Socialpost

Complete News World

The abandoned European satellite ERS-2 burned up in the Earth's atmosphere

The abandoned European satellite ERS-2 burned up in the Earth's atmosphere

A large European satellite, whose mission ended in 2011, burned up while reentering Earth's atmosphere. The Earth observation satellite ERS-2 was launched into space in 1995.

A large satellite whose mission ended 13 years ago burned up during its re-entry into Earth's atmosphere on Wednesday. ERS-2 “safely completed” its return to the North Pacific Ocean at around 6:17 p.m. CET, the European Space Agency (ESA) said in its online service.

The Earth observation satellite ERS-2 was launched into space in 1995 and has since been orbiting the Earth at an altitude of about 800 km. In 2011, it was turned off and began its journey to Earth. The goal was to prevent uncontrolled destruction of the satellite, which could have posed a danger to other satellites or the International Space Station (ISS) due to debris.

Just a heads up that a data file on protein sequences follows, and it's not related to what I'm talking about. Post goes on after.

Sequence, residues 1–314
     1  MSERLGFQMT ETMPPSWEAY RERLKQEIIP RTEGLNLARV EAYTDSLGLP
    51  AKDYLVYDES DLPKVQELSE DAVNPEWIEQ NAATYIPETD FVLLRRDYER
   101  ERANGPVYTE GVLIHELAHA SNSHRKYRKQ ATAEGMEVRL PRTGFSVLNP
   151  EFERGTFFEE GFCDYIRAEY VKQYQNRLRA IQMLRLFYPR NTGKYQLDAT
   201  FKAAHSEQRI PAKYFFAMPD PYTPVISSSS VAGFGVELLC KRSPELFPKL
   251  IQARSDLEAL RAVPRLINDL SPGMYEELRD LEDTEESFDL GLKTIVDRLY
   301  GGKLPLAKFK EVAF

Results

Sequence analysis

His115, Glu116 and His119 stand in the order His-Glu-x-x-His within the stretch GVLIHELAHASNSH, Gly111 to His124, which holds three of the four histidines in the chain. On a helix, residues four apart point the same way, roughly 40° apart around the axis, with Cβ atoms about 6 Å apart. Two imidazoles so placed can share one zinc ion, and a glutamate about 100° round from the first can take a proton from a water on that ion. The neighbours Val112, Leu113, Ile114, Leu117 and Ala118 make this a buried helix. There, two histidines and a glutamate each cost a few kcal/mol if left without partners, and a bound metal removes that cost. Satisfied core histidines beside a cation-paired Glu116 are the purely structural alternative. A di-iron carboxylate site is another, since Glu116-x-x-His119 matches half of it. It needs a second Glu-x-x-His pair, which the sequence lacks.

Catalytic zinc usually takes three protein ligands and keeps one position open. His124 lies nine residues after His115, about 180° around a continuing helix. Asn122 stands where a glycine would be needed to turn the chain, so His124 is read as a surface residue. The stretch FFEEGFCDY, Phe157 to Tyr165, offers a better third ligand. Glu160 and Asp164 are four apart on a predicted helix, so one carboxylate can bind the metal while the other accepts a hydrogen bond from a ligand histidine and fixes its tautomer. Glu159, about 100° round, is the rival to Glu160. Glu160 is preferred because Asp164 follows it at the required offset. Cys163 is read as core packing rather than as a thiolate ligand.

The satellite gradually sank to Earth over the course of 13 years

At the end of its mission, the European Space Agency allowed the satellite to descend to about 500 kilometers so that it could then descend naturally and gradually to Earth in just 13 years using gravity alone. If it had remained at its original height, it would have taken 100 to 200 years. On the eve of its destruction, ERS-2 was still at an altitude of more than 200 kilometers. According to the European Space Agency, in the case of ERS-2, the chance of one of its debris hitting a person on Earth was less than one in 100 billion.

Waste from discarded satellites, rocket parts and impact debris has been accumulating since the beginning of the Space Age – a problem that has worsened in recent decades. The European Space Agency estimates that there are about 1 million pieces of satellite or rocket debris in orbit larger than one centimeter in size, large enough to “disable a spacecraft” in the event of a collision.

See also  Africa presses Europe: how should Italy with its many ...

In 2023, the European Space Agency launched a “zero debris” charter for space missions starting in 2030. (APA)

Read more about these topics: